top of page
HOUSE OF SPAIN
Don't Listen (18)
Director: Ángel Gómez Hernández
Screenplay: Santiago Díaz, Ángel Gómez Hernández, Víctor Gado, Juan Moreno
Starring: Rodolfo Sancho, Ana Fernández, Ramón Barea
Review: RJ Bland
Netflix doesn't have the best reputation amongst genre fans when it comes to original content. However, although there have undoubtedly been some underwhelming releases, over the last three or four years the streaming platform has produced a few gems. Two Mike Flanagan releases count among these, with both Gerald's Game (2017) and Hush (2016) being Netflix originals. We've also had Gareth Evans' Apostle (2018) and the incredible The Perfection (2019) too. Osgood Perkin's I Am The Pretty Thing That Lives in the Basement may divide audiences, but it's also a Netflix produced title. We've also had some foreign language releases too. Errementari: The Blacksmith and the Devil (2017), Veronica (2017), May the Devil Take You (2018) and Ravenous (2017) are amongst the best of this batch. Genre films on Netflix don't receive much fanfare before their release on the platform – which makes for a nice little surprise when you log on and see something new – and that you probably have never heard of. Such is the case with Netflix's latest offering, Spanish horror Don't Listen.
Hot middle-aged couple Daniel and Sara are those annoying type of people who buy houses, do them up and sell them on for a huge profit. They're a couple of 'Flippers'. After making a killing on their previous project, they move into an huge old country house with the aim of doing it up and turning a healthy profit. The place is quite dilapidated (and obviously pretty darn creepy) but there's the potential to make a lot of moolah. Whilst the parents get to work, their nine year old son, Eric, spends his time playing with toys and...well, communicating with something rather sinister sounding over his walkie talkie. His child therapist may think it's all down to his vivid imagination and anxiety over not settling in one house – but the longer the family stay in their new temporary home, the more apparent it becomes that Eric might not be making stuff up for shits and gigs. And whatever resides in the house might not only have been there for quite a long time, but may also have rather insidious intentions...
Don't Listen is something of a Frankenstein's Monster of a movie, curating elements from modern ghost flicks and shows like Insidious, The Conjuring and The Haunting of Hill House and even lashings of J-Horror. There's a fine line however between 'potent mix' and 'derivative' but fortunately Angel Gomez Hernandez's debut feature stays on the right side of it, for the most part.
It's also a film that is relentless in its pursuit of scares. Maybe a little bit too much, in fact. A good number of these are also jump scares too (perhaps the easiest to achieve) but there is enough atmosphere building and dread inducement to make some of them feel earned at least. Whilst some of the frights aren't anything we haven't seen before (walkie talkie audio stuff, things hiding under beds, children drawing creepy shit), there are enough that work for it to retain a sense of tension and suspense – much of it down to Hernandez's use of light (or lack of it) and intelligent framing. What makes Don't Listen a bit more interesting than some of the lesser Conjureverse titles however is that it's actually prepared to go into some quite dark places (not just literally) and it's got a bit of a brutal edge to it too. There's an event that occurs about twenty minutes in that leaves the viewer in no doubt that this is not a 'safe' movie – and that you might want to reassess where you think this is all heading. And although the antagonist pops up every five minutes it seems, the film importantly always keeps them at least partially obscured or hiding within the shadows.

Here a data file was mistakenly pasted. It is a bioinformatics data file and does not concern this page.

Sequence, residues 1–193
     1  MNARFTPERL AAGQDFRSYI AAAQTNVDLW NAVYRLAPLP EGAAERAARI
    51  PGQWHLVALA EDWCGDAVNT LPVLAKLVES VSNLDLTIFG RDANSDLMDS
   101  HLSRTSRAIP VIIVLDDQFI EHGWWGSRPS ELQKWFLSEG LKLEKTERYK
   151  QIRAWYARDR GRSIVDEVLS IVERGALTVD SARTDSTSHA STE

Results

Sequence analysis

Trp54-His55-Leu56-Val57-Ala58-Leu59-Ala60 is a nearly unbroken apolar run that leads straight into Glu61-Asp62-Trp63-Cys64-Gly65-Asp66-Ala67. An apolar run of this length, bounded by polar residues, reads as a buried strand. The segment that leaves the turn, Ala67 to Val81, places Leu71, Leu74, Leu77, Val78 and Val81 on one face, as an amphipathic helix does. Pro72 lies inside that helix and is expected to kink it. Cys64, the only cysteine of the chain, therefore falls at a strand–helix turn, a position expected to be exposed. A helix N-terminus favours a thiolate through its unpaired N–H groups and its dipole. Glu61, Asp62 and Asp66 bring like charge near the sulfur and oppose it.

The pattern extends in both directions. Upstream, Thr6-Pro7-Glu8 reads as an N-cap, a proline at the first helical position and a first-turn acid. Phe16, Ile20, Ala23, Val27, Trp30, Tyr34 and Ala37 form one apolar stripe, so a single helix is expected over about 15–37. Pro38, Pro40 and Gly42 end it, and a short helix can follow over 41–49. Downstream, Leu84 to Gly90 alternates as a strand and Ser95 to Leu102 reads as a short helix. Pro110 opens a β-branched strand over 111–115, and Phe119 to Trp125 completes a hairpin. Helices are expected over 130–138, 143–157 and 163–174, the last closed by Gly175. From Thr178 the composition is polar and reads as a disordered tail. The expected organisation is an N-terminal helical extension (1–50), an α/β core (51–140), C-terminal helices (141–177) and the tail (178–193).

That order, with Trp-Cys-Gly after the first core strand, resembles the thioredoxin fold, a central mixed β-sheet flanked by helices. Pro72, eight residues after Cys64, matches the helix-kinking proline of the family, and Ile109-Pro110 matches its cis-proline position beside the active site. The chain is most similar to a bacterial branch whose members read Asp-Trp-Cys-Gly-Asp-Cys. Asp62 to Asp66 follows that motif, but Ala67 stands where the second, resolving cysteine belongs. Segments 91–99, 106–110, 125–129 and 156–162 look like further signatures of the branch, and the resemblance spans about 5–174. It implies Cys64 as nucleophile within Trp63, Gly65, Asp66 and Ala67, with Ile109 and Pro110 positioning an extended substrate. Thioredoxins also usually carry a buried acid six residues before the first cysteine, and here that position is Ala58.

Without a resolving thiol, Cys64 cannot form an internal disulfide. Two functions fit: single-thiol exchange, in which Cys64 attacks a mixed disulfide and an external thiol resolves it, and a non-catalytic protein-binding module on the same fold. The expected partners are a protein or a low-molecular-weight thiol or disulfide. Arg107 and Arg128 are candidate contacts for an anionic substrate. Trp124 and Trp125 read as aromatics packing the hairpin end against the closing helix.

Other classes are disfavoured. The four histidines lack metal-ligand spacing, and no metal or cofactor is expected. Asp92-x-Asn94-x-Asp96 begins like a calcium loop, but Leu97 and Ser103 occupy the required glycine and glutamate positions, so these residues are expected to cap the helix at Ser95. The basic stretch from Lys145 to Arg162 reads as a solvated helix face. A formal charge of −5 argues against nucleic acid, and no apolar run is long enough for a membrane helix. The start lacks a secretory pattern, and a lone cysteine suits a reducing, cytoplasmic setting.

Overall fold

Where it does ultimately head is not anywhere particularly new or original quite frankly. In the same way that it apes the style and tone of other successful modern genre films, it also has no qualms in borrowing their well worn story tropes either. There are a few intriguing (and shocking) bumps along the way and the introduction of the father-daughter team of EVP specialists halfway through mixes things up quite effectively too. But for the most part, Don't Listen is quite content to remain within the comfy confines of supernatural horror canon (until perhaps the very end).
The cast list is small but all the better for it. Rodolfo Sancho and Belen Fabra are both convincing in rather gruelling roles and Ramon Barea and Ana Fernandez serve up a slightly lighter dynamic when they enter the fray. Children in these types of films can often be a bit too cute or slick but Lucas Blas is guilty of neither of these things. The characters all feel a little underdeveloped but that's more to do with the script than the performances. Hernandez (and his three co-writers) are more focused on trying to deliver thrills and chills than they are in building up character backstory. The film is also guilty of some rather clunky exposition dumps and a few other beats that feel a bit rushed and lazy. Some flashbacks in the final act also feel a bit shoehorned in too – and although the mythology is suitably unsettling, there are still some logic gaps come the end of the film.
Ultimately though, as with most genre movies, average or run-of-the-mill scripting and characters are more easily forgiven if the horror elements are up to scratch – and whilst the film undoubtedly feels like bit of a cocktail of elements from other (and largely better) movies – there is still enough here to appease those looking for a few good scares.
Although Don't Listen isn't the most original horror film ever made, it's a good looking film that offers enough suspense and jumps to satisfy most.
It's also got a bit of a mean streak too.
bottom of page